"Zero respect for status quo": Meet the heavyweight champ taking on a 20-year incumbent

Boxing star Jameel "Big Time" McCline tells us why he's challenging Rep. Alcee Hastings. And who wants him to stop

Published July 21, 2014 12:30PM (EDT)

Jameel McCline           (Eduardo Schneder)
Jameel McCline (Eduardo Schneder)

It's quite unlikely that this election season will see a primary upset on the level of David Brat's ousting of then-House Majority Leader Eric Cantor. But if former heavyweight champ Jameel "Big Time" McCline is able to defeat longtime Democratic incumbent Rep. Alcee Hastings in Florida's 20th district's upcoming primary, he'll come pretty damn close.

McCline, now retired from the ring and enjoying a second career as a business consultant, is certainly a long shot. Hastings has been in office since 1993 and the 20th, like many districts nowadays, is so overwhelmingly Democratic that he's never really had to worry about a serious challenge. In 2012, for example, he won reelection with about 88 percent of the vote.

Yet despite the long odds, McCline is continuing the fight, confident that his perseverance — and his overriding belief that the Democratic Party needs to be shaken out of its complacency and stagnation — will overcome a deck that in almost every way is stacked against him. Recently, Salon spoke with McCline over the phone and discussed the race as well as how the Democratic Party establishment in Florida has responded to his candidacy (spoiler: not well). Our conversation is below and has been edited for clarity and length.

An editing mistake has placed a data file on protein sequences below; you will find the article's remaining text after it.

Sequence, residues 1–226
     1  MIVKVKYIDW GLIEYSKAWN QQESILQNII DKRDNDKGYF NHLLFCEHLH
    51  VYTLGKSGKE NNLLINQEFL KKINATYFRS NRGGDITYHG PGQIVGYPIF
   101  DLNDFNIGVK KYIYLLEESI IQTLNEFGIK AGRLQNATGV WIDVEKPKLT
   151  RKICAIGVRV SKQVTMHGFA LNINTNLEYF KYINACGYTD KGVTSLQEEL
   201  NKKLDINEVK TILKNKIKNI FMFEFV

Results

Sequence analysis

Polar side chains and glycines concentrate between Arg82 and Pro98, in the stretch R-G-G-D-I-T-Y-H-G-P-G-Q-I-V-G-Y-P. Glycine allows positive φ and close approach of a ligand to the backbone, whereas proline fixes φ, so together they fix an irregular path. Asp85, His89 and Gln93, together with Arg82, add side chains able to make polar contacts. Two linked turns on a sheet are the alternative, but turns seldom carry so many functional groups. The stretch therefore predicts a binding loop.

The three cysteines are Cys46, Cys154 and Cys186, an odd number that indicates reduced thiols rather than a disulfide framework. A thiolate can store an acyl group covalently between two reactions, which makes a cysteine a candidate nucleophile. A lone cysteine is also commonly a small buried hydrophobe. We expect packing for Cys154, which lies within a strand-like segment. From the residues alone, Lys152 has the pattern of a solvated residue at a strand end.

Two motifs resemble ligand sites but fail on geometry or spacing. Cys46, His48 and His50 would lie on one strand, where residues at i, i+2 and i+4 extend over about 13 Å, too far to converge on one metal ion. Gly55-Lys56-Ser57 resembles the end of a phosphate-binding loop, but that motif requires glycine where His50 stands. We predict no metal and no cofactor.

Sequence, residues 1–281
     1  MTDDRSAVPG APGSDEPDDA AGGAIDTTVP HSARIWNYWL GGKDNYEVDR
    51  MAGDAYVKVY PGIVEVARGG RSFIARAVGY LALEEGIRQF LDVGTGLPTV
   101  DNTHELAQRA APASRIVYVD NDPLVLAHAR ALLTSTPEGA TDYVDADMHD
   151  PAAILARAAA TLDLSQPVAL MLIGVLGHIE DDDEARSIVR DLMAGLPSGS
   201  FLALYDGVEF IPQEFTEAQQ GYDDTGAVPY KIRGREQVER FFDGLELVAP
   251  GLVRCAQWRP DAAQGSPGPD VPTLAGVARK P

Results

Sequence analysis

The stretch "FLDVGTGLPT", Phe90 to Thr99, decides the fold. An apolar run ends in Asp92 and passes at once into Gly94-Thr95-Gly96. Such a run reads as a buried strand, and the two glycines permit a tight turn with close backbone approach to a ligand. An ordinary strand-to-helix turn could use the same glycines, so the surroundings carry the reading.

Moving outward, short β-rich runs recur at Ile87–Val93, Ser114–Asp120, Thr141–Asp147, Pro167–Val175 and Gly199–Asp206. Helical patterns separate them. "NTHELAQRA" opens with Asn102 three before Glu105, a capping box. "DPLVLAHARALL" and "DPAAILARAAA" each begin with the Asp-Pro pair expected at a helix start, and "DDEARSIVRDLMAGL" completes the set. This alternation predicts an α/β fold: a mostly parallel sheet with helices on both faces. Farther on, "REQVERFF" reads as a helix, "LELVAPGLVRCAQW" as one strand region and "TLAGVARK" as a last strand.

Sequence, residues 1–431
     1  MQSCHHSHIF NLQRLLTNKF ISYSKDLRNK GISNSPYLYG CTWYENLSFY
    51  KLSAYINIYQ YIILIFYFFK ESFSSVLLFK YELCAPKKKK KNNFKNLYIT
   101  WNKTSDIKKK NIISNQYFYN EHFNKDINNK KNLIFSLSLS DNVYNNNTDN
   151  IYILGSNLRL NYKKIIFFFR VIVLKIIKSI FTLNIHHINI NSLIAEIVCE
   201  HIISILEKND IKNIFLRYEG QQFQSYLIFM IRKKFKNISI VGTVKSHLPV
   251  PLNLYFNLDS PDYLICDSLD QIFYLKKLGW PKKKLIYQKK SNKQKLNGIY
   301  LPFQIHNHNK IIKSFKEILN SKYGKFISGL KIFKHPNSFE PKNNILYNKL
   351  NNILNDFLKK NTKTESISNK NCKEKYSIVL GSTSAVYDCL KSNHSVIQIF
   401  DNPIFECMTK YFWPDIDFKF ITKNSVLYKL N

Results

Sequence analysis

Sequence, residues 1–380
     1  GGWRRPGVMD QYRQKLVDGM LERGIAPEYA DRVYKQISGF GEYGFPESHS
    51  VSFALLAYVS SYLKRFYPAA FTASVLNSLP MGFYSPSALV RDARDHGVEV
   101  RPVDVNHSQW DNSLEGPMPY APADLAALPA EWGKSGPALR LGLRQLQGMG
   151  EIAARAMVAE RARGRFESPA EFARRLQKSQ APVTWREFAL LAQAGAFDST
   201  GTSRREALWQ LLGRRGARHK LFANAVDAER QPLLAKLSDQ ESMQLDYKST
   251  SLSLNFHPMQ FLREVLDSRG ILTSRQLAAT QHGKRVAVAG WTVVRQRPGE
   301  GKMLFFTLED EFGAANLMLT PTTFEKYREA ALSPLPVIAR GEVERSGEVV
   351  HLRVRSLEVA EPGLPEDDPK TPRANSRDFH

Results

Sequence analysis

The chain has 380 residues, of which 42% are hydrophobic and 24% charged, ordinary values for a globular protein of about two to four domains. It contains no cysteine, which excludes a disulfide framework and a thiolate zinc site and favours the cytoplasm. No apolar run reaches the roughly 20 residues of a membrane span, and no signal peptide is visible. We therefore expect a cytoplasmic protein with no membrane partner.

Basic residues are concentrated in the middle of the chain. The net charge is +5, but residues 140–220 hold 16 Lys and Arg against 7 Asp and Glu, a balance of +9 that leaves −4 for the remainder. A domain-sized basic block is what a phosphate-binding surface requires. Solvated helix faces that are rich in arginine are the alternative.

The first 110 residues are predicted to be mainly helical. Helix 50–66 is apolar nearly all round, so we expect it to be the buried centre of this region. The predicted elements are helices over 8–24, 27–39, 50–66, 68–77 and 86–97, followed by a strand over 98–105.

Let's start by talking a bit about your background, which is quite unusual for an aspiring politician. Besides being a former championship boxer, you've also been homeless and incarcerated. How do those experiences shape your politics?

One of my biggest issues is definitely homelessness and poverty and how those people are viewed by the public at large because of the situation that they’re in. Because I was there. I was there. Not just back in the ’80s; I was there again in the mid-2000s, when I lost everything, and I was homeless for a few days and sleeping in my car. So I know what it’s like to lose everything.

How’s that shaped me? It goes [to] who I am as a person, as a candidate, as a future congressman: I feel compelled to protect the human condition. Everyone cares about the issues. Everyone cares about healthcare. Everyone cares about immigration. Everyone cares about education. Everyone cares about jobs and job training programs. But it all falls under the human condition. All of it is under one umbrella. And we, as responsible, well-to-do Americans, ought to provide for the human condition. Not at all costs! But definitely at [some] cost.